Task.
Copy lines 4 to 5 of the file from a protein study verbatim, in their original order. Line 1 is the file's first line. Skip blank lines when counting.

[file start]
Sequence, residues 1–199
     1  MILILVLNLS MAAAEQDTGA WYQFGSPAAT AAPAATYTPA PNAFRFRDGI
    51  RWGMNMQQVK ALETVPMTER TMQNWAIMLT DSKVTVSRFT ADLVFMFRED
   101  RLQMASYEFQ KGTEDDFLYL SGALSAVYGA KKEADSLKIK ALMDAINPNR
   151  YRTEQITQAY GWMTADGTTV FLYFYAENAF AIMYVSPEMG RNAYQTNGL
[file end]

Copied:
   101  RLQMASYEFQ KGTEDDFLYL SGALSAVYGA KKEADSLKIK ALMDAINPNR
   151  YRTEQITQAY GWMTADGTTV FLYFYAENAF AIMYVSPEMG RNAYQTNGL